Private schools rule county lacrosse world Not drawing students from wide area hampers public school teams

Boys Lacrosse Preview

March 20, 1997|By Pat O'Malley | Pat O'Malley,SUN STAFF

When it comes to success in boys lacrosse, Maryland Interscholastic Athletic Association A Conference champion St. Mary's immediately comes to mind. Last year's 17-0 season put an exclamation point on the Saints being a cut above the rest.

The Saints were only the third undefeated team in A Conference history, indisputably the best high-school lacrosse league, not only in Maryland, but the nation.

On the public school scene, Broadneck has been the team of the '90s with three state titles (1992, 1993 and 1996), but from a quality standpoint is not in the same league with the Saints.

In 17 seasons under coach Jim Moorhead, the Saints have gone 87-0 against county public schools and other non-league opponents.

The Saints were the No. 1 ranked team in The Sun's final poll for 1996, and five other private schools were ranked ahead of No. 7 Broadneck (19-1), the state's top public school team.

Severn School, another private school, was 6-9 and ranked No. 9 ahead of No. 10 Annapolis (13-3) in the final poll. Despite its record in the MIAA A Conference, no public school team can compete with the Admirals.

Why such a staggering disparity?

Several reasons and several misconceptions fuel never-ending arguments off the field among coaches, players, parents and fans.

Annapolis coach Dan Hart, whose Panthers won a state title in 1994, bristles at the mere mention of the private schools, particularly St. Mary's.

The Panthers have never beaten their Annapolis neighbor in more than 40 years of playing. In the 1994 state title year, Hart's Panthers won 16 games but lost two lopsided contests to Severn and, yes, St. Mary's.

"They have too many advantages over us," says Hart. "It's not a level playing field when we play them. They recruit."

St. Mary's has players from all over the county and is, of course, not restricted to a specific district or locale as the public schools are. Therein lies the difference.

Broadneck coach Clay White, whose Bruins never beat St. Mary's in the defunct Al Laramore Easter Tournament, echoes Hart's sentiments. White adds: "They can start practice anytime, and they have no grade-point average requirement, like we do."

Moorhead disagrees.

"We don't recruit. Only two of our 35 varsity players don't play another sport, and we started practice five days [Feb. 24] before the public schools, and we don't practice on Saturdays," says Moorhead.

"Our tradition brings the kids to us. We have financial aid based on need. If it's available, an athlete might get it, but being an athlete has nothing to do with the decision-making process."

Moorhead, who is also St. Mary's president and a public-school product (he graduated from Towson High in Baltimore County), says that "county public schools do a great job, but public vs. Catholic school is so vastly different and difficult to compare."

Public school coaches are not allowed to recruit in any form except to encourage students in their school community to stay. Severna Park coach Greg Manley convinced five outstanding freshmen, who might have otherwise gone to St. Mary's or Severn, to stay.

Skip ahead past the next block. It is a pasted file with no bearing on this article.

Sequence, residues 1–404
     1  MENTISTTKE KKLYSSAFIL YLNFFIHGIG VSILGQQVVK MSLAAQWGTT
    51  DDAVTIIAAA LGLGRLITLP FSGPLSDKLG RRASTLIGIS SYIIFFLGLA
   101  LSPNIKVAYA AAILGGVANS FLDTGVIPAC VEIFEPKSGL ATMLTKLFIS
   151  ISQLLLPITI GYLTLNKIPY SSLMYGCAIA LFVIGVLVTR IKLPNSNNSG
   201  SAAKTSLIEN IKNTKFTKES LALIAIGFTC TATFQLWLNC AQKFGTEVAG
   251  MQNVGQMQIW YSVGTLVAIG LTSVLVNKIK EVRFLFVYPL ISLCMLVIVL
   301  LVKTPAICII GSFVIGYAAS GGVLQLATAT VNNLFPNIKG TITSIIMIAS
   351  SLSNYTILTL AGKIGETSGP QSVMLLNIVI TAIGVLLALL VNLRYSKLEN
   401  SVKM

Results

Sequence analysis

"We had an outstanding recruiting class," joked Manley.

White, Hart and other public school coaches argue that it is easier academically to play at St. Mary's or Severn.

Anne Arundel public school student-athletes must attain a 2.0 grade-point average to play, while neither St. Mary's nor Severn has a minimum GPA.

But Moorhead says fewer than 10 students in grades 10 through 12 at St. Mary's don't have at least a 2.0.

"If they fail a subject, they must make it up in summer school -- no repeating the course," said Moorhead. "If they don't earn eight credits, they are not asked back.

"Participating in athletics is important in the high school experience, but we don't perpetuate poor grades. If our young people don't do the job academically, they are not asked back."

St. Mary's and Broadneck, however, are very similar in the philosophy of diversity. Both schools encourage participation in more than one sport and have not surrendered to the popular trend of specialization.

Moorhead has a host of lacrosse players who were key members of the Saints' top-ranked football team.

"We don't encourage our lacrosse players to play year-round. We want them to play other sports," says Moorhead.

White agrees.

"It's too easy to burn out playing one sport all year, and I blame soccer for that," said White. "We want our kids to play more than one sport at Broadneck, and that's the philosophy from the top [administration] to the bottom.

"All the coaches at Broadneck have the same philosophy, and it carries over from sport to sport. We want our players to use lacrosse as a vehicle to college, not the end-all."

Lacrosse differences in public and private schools are not recruiting, athletic scholarships and minimum grade-point averages.

Rather simply, there are no limits on St. Mary's attracting students, but public schools are restricted to districts. Until public schools adopt open enrollment, private school lacrosse will rule.

Boys lacrosse, preseason poll

1. Boys' Latin

2. St. Mary's

3. Calvert Hall

4. Loyola

5. Gilman

6. Broadneck

7. St. Paul's

8. Mount Hebron

9. McDonogh

10. Severn

11. Severna Park

12. Hereford

13. Mount St. Joseph

14. Friends

15. Dulaney

Others considered: John Carroll, Arundel, Catonsville, Annapolis The boys preseason lacrosse poll was picked by The Sun staff.

Pub Date: 3/20/97

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